Project: RPO - National Lampoon’s European Vacation

Our small band of Gunters here in The DreamCage universe are reviewing every film mentioned in Ernest Cline's Ready Player One. This week Susan Omand goes on a European Vacation...

Oh, John Hughes, what were you thinking?

Written the same year as the genius that was The Breakfast Club and the not so genius but still good fun Weird Science, National Lampoon’s European Vacation was SO out of character for a John Hughes film that it makes me wonder if he just wrote it for the money or was there actually some creative intent involved. I have, by the way, forgiven him for writing the original National Lampoons because it, at least, was an original concept at the time – taking a family across America in a car and watching their dynamics change as the situation gets ever more outlandish. Directed by Harold Ramis and given an R/15 rating, it was what you expected it to be. Crude, stupid and snortingly funny for a 15 year old who’d had a fairly sheltered upbringing to that point. And, incidentally, the fifth film in the series (yes, there were five. Just don’t.) was written and directed by John Francis Daley – Dr Sweets from Bones. Who’d’a thunk it?

Anyway, I digress. Fast forward 2 years from the original and we get this – the European Vacation.

For those that don’t know, The Griswolds (Chevy Chase and Beverley D’Angelo with Dana Hill, recast from another Dana, Dana Barron, as daughter Audrey and Jason Lively, recast from the wonderful Anthony Michael Hall in the first film, as son Rusty) accidentally win a gameshow question and get an all expenses paid European trip as a prize, travelling to London, Paris, Germany and Rome. And... that’s really it. They drive around and get into scrapes by upsetting the locals, misunderstanding the language and culture and generally wreaking havoc in a hire car.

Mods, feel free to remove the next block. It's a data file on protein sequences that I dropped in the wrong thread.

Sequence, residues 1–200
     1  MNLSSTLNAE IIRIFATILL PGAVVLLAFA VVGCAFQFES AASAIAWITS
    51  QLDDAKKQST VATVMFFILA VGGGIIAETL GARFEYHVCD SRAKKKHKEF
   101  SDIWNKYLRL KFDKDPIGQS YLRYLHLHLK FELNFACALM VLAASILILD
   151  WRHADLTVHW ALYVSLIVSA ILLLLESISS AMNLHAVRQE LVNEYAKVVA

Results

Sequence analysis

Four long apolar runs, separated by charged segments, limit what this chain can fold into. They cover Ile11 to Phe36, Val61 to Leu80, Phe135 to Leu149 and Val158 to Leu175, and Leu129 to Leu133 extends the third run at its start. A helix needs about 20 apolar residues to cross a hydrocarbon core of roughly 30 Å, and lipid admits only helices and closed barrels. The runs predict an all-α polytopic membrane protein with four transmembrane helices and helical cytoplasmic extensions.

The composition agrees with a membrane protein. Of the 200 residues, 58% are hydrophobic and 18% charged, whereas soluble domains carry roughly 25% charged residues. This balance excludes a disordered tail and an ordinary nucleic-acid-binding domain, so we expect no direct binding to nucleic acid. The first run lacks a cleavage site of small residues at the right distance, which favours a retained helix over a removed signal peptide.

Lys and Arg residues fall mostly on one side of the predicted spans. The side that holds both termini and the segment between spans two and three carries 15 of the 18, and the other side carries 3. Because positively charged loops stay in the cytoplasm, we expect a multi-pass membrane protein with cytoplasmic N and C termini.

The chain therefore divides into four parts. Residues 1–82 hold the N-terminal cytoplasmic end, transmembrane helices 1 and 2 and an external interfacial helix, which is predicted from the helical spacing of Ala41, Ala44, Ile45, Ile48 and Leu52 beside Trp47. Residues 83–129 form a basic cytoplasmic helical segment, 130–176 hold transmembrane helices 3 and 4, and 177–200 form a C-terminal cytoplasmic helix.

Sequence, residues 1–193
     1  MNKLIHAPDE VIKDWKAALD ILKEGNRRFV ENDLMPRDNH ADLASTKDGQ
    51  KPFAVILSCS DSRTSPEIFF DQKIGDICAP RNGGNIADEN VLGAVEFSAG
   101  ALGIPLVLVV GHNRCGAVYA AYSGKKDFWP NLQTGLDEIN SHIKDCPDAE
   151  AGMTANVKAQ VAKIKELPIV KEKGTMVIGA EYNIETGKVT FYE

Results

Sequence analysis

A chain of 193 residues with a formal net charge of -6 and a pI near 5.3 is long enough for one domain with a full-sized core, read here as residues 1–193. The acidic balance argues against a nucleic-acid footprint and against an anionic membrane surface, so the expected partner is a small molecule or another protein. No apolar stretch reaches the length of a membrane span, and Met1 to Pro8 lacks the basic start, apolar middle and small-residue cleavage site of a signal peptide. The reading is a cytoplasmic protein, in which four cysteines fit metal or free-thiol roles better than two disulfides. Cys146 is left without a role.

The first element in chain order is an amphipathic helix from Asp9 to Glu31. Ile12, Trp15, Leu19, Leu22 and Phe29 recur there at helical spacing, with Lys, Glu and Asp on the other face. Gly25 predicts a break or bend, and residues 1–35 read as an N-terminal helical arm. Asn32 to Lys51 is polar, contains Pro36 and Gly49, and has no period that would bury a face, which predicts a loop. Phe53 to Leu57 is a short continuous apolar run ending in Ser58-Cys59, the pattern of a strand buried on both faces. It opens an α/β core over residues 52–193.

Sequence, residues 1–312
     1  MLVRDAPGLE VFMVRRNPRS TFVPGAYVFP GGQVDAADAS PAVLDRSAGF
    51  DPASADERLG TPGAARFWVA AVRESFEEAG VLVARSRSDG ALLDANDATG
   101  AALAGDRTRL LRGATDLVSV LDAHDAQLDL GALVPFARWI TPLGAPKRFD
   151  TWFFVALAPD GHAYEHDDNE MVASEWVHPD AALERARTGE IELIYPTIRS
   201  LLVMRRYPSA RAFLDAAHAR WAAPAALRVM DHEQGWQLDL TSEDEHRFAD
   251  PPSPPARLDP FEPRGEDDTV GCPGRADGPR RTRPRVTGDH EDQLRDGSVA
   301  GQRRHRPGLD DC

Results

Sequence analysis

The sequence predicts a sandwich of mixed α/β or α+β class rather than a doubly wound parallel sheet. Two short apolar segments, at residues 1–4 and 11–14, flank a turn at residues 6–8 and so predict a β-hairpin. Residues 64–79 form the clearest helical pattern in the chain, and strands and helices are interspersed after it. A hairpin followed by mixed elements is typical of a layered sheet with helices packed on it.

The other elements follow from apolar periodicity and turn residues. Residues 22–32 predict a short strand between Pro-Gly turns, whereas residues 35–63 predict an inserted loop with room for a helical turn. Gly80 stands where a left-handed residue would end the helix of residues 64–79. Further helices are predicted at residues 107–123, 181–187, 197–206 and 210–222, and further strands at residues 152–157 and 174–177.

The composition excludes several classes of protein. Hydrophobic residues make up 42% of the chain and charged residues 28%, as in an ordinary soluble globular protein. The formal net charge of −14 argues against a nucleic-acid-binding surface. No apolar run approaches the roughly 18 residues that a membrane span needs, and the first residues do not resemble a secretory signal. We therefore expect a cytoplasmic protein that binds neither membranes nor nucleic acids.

I think what went wrong for me is that the stupid outweighed the funny this time out. The concepts were tired, the nudity and crudity wasn’t unexpected and they seemed to be trading on cool locations and star cameos to try to make the slapstick seem fresh and new. And boy did they throw names at it – Mel Smith, Robbie Coltrane, Maureen Lipman, Eric Idle, even “the Major” himself, Ballard Berkeley, and that’s just the London segment. Add in the legendary John Astin as the Pig in a Poke gameshow host (sidebar – can we add in his snogging the daughter Audrey as something the Was This Always Weird guys might want to talk about?) and an early outing by Moon Unit Zappa and I think the producers ran out of favours to call in. It could be that a different director, in the shape of Look Who’s Talking’s Amy Heckerling that meant the comedy timing changed... I dunno, I’m just guessing. What I do know though is that I remember thinking back in the day that this one wasn’t a patch on the original and, thirty-something years later, my opinion hasn’t changed. But I watched it again. So you don’t have to. You’re welcome.

Image - IMDb

Powered by Blogger.